False Claims Act Flashcards, test questions and answers
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What is False Claims Act?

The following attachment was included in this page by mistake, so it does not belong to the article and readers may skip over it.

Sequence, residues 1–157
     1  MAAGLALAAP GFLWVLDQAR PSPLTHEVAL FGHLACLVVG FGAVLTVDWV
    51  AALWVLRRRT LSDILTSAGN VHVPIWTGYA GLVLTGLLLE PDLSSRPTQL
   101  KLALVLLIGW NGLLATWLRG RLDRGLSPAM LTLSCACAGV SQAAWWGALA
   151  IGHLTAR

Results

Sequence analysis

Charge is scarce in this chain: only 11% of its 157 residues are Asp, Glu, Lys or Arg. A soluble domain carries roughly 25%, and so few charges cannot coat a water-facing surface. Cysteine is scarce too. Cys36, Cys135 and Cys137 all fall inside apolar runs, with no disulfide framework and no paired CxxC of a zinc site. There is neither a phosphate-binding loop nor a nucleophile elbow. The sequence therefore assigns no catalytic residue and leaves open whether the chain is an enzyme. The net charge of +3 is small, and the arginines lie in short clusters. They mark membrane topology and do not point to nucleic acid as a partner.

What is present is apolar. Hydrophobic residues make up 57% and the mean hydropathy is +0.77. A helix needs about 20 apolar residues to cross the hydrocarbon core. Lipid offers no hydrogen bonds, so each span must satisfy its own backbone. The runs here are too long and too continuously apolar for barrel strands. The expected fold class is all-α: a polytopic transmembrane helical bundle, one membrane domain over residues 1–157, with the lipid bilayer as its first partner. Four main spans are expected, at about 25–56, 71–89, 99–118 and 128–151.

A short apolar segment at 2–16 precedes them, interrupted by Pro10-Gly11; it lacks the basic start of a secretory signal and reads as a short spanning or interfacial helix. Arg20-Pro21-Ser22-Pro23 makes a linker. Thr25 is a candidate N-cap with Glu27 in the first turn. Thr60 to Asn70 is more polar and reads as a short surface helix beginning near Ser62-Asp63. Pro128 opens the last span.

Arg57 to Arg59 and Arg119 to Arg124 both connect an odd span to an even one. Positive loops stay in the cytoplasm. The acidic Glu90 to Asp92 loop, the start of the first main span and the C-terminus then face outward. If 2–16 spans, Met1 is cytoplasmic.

The False Claims Act (FCA) is a federal law that prohibits individuals and businesses from defrauding the United States government. The purpose of the FCA is to protect taxpayers from fraud, waste, and abuse in government programs or contracts. The FCA allows private citizens to file civil lawsuits against those who have violated the act on behalf of the government. If successful, these relators can receive a portion of any settlement or award received by the government in exchange for their efforts. The FCA applies to any person or business that makes false claims when dealing with federal funds. This includes contractors, grantees, subcontractors, health care providers and others who submit false claims for payment to any branch of the federal government. These false claims can include overcharging for services provided, submitting bills for services not rendered, submitting fraudulent documents or records as evidence of performance on a contract or grant agreement and other types of fraudulent acts associated with obtaining funds from the federal government.In addition to allowing private citizens to file civil suits against violators on behalf of the government (known as qui tam lawsuits), there are also criminal penalties associated with violations under this act which can include fines up to $11,000 per violation and imprisonment up to five years per violation. The False Claims Act serves an important role in protecting taxpayer dollars from fraud and abuse within our nation’s programs and contracts funded by taxpayer money. It provides both civil remedies through qui tam lawsuits where relators are rewarded for their efforts in filing suit on behalf of the government as well as criminal penalties for those found guilty under this act.